(My colleague Jean-Louis Fouley, now at I3M, Montpellier, kindly agreed to write a review on the BUGS book for CHANCE. Here is the review, en avant-première! Watch out, it is fairly long and exhaustive! References will be available in the published version. The additions of book covers with BUGS in the title and of the corresponding Amazon links are mine!)

If a book has ever been so much desired in the world of statistics, it is for sure this one. Many people have been expecting it for more than 20 years ever since the WinBUGS software has been in use. Therefore, the tens of thousands of users of WinBUGS are indebted to the leading team of the BUGS project (D Lunn, C Jackson, N Best, A Thomas and D Spiegelhalter) for having eventually succeeded in finalizing the writing of this book and for making sure that the long-held expectations are not dashed.

As well explained in the Preface, the BUGS project initiated at Cambridge was a very ambitious one and at the forefront of the MCMC movement that revolutionized the development of Bayesian statistics in the early 90’s after the pioneering publication of Gelfand and Smith on Gibbs sampling.

This book comes out after several textbooks have already been published in the area of computational Bayesian statistics using BUGS and/or R (Gelman and Hill, 2007; Marin and Robert, 2007; Ntzoufras, 2009; Congdon, 2003, 2005, 2006, 2010; Kéry, 2010; Kéry and Schaub, 2011 and others). It is neither a theoretical book on foundations of Bayesian statistics (e.g. Bernardo and Smith, 1994; Robert, 2001) nor an academic textbook on Bayesian inference (Gelman et al, 2004, Carlin and Louis, 2008). Instead, it reflects very well the aims and spirit of the BUGS project and is meant to be a manual “for anyone who would like to apply Bayesian methods to real-world problems”.

In spite of its appearance, the book is not elementary. On the contrary, it addresses most of the critical issues faced by statisticians who want to apply Bayesian statistics in a clever and autonomous manner. Although very dense, its typical fluid British style of exposition based on real examples and simple arguments helps the reader to digest without too much pain such ingredients as regression and hierarchical models, model checking and comparison and all kinds of more sophisticated modelling approaches (spatial, mixture, time series, non linear with differential equations, non parametric, etc…).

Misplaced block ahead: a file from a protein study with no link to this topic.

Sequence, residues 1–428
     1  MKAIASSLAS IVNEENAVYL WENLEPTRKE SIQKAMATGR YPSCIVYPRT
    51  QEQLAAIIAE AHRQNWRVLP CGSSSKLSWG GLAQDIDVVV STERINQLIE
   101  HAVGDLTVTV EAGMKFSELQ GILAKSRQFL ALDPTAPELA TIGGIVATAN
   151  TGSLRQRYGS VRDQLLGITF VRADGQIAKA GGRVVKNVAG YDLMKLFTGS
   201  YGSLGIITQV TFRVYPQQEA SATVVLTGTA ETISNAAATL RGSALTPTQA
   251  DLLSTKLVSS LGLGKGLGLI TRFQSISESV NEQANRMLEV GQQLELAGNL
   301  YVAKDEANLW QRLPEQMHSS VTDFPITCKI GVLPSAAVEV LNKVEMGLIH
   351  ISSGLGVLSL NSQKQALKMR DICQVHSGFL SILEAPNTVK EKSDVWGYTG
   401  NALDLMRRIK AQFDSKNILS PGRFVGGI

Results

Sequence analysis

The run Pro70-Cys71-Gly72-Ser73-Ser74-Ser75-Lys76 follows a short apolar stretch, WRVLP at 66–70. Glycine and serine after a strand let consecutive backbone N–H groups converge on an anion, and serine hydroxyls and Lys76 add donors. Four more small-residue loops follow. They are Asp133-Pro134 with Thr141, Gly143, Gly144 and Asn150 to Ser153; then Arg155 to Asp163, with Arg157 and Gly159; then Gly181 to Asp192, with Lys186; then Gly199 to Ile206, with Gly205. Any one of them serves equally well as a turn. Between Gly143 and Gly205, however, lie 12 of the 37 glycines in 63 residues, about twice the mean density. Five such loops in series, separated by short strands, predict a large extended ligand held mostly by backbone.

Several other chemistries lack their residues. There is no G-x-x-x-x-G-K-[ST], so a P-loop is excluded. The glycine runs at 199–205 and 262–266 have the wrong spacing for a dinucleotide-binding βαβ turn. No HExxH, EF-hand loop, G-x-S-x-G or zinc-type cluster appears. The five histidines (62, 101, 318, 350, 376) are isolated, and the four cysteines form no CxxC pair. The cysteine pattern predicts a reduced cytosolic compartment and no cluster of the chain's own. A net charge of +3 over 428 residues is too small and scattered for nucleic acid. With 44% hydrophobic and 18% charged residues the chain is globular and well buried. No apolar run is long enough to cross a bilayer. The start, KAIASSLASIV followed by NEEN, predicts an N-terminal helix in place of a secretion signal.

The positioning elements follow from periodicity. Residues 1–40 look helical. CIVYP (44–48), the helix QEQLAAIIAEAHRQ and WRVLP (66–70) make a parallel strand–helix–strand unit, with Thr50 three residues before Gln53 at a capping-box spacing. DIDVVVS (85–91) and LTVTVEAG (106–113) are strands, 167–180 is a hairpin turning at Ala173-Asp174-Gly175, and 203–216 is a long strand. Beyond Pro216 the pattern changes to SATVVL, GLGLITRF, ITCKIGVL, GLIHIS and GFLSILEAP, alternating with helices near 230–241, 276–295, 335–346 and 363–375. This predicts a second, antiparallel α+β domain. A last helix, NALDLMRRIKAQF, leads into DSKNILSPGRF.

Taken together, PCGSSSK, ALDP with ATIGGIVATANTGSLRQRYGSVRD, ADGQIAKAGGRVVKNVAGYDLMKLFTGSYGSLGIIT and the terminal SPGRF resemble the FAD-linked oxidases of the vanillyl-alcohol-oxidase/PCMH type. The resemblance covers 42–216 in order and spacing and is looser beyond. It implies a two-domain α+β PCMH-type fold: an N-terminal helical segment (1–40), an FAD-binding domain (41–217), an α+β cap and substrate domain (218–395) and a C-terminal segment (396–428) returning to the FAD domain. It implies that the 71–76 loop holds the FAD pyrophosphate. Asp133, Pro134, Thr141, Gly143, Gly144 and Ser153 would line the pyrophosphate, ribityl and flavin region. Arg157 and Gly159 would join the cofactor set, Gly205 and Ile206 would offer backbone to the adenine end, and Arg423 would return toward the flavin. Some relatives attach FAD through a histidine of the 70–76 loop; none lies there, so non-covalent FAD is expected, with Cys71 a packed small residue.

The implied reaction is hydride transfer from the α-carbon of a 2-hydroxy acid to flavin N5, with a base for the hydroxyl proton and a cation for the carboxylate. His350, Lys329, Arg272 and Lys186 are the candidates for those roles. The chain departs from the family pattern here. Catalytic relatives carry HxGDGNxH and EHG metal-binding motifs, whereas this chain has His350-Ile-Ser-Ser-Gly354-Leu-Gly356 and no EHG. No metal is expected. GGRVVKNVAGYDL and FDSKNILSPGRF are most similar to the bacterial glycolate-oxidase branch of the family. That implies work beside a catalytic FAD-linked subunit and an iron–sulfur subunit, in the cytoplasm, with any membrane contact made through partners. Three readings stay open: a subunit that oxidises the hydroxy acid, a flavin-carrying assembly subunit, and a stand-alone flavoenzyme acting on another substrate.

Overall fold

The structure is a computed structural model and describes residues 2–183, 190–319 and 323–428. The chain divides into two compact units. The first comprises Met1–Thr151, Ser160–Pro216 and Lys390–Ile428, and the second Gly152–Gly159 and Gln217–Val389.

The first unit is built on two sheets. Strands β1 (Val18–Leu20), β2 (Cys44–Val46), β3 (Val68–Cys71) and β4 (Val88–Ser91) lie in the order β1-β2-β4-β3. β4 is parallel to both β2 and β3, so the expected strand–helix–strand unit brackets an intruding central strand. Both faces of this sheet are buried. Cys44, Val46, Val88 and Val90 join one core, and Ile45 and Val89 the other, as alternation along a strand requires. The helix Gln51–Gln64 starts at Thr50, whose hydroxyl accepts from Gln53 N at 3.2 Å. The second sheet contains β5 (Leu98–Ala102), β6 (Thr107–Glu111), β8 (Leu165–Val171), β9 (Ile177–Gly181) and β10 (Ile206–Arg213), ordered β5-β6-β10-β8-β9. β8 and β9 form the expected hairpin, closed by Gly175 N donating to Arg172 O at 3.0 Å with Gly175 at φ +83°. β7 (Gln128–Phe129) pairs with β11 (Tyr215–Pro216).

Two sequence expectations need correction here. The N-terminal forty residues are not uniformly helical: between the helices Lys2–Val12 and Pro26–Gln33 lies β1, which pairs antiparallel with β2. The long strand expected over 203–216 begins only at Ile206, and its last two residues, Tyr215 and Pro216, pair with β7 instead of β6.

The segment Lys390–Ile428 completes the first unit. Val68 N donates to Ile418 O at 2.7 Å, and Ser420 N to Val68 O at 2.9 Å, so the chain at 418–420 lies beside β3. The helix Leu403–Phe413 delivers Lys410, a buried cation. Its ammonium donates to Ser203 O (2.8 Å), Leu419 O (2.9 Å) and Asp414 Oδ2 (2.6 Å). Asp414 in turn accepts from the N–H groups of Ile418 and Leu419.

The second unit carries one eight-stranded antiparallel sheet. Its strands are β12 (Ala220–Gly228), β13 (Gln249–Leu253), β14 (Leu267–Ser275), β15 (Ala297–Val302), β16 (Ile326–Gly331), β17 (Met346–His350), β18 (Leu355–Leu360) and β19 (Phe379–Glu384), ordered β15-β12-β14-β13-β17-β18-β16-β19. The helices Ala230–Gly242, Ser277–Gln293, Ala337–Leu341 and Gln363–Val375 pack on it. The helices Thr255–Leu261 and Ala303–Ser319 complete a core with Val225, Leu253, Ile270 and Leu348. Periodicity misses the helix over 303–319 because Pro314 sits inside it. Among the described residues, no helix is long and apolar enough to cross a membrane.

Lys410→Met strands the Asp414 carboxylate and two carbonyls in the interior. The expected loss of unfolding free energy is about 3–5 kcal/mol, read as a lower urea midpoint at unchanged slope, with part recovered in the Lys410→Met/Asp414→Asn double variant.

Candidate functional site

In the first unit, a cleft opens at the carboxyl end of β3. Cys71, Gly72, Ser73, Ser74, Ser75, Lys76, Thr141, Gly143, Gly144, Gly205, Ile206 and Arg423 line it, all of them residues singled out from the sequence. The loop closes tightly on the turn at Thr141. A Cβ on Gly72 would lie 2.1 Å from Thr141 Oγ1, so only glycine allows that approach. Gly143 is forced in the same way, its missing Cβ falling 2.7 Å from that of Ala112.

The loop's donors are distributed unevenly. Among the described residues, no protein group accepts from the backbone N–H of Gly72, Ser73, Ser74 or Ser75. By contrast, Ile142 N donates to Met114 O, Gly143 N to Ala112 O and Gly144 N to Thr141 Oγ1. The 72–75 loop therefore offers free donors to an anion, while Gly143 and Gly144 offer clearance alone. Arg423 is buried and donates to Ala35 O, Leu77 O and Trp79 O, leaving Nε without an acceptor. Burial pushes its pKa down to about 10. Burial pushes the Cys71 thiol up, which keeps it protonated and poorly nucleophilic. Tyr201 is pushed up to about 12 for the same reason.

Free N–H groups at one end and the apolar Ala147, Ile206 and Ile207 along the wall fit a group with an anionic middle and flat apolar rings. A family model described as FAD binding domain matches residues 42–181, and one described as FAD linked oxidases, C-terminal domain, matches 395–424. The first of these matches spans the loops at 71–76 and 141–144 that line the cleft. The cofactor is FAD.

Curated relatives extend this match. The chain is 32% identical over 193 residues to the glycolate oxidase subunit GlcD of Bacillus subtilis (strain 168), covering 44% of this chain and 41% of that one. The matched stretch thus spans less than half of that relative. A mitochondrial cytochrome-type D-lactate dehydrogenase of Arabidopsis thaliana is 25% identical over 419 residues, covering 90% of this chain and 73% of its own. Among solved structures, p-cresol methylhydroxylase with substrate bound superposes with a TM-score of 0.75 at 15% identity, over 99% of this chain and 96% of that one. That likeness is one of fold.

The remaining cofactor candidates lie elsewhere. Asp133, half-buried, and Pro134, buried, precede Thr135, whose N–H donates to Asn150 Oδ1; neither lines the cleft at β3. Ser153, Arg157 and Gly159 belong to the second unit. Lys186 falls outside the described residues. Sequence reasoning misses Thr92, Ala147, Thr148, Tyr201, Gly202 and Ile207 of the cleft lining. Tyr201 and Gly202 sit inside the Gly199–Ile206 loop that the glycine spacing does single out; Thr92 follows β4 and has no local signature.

The book consists of twelve chapters and three appendices specifically devoted to BUGS (A: syntax; B: functions and C: distributions) which are very helpful for practitioners. The book is illustrated with numerous examples. The exercises are well presented and explained, and the corresponding code is made available on a web site. Read more »

## on using the data twice…

Posted in Books, Statistics, University life with tags , , , , , , , , on January 13, 2012 by xi'an

As I was writing my next column for CHANCE, I decided I will include a methodology box about “using the data twice”. Here is the draft. (The second part is reproduced verbatim from an earlier post on Error and Inference.)

Several aspects of the books covered in this CHANCE review [i.e., Bayesian ideas and data analysis, and Bayesian modeling using WinBUGS] face the problem of “using the data twice”. What does that mean? Nothing really precise, actually. The accusation of “using the data twice” found in the Bayesian literature can be thrown at most procedures exploiting the Bayesian machinery without actually being Bayesian, i.e.~which cannot be derived from the posterior distribution. For instance, the integrated likelihood approach in Murray Aitkin’s Statistical Inference avoids the difficulties related with improper priors πi by first using the data x to construct (proper) posteriors πii|x) and then secondly using the data in a Bayes factor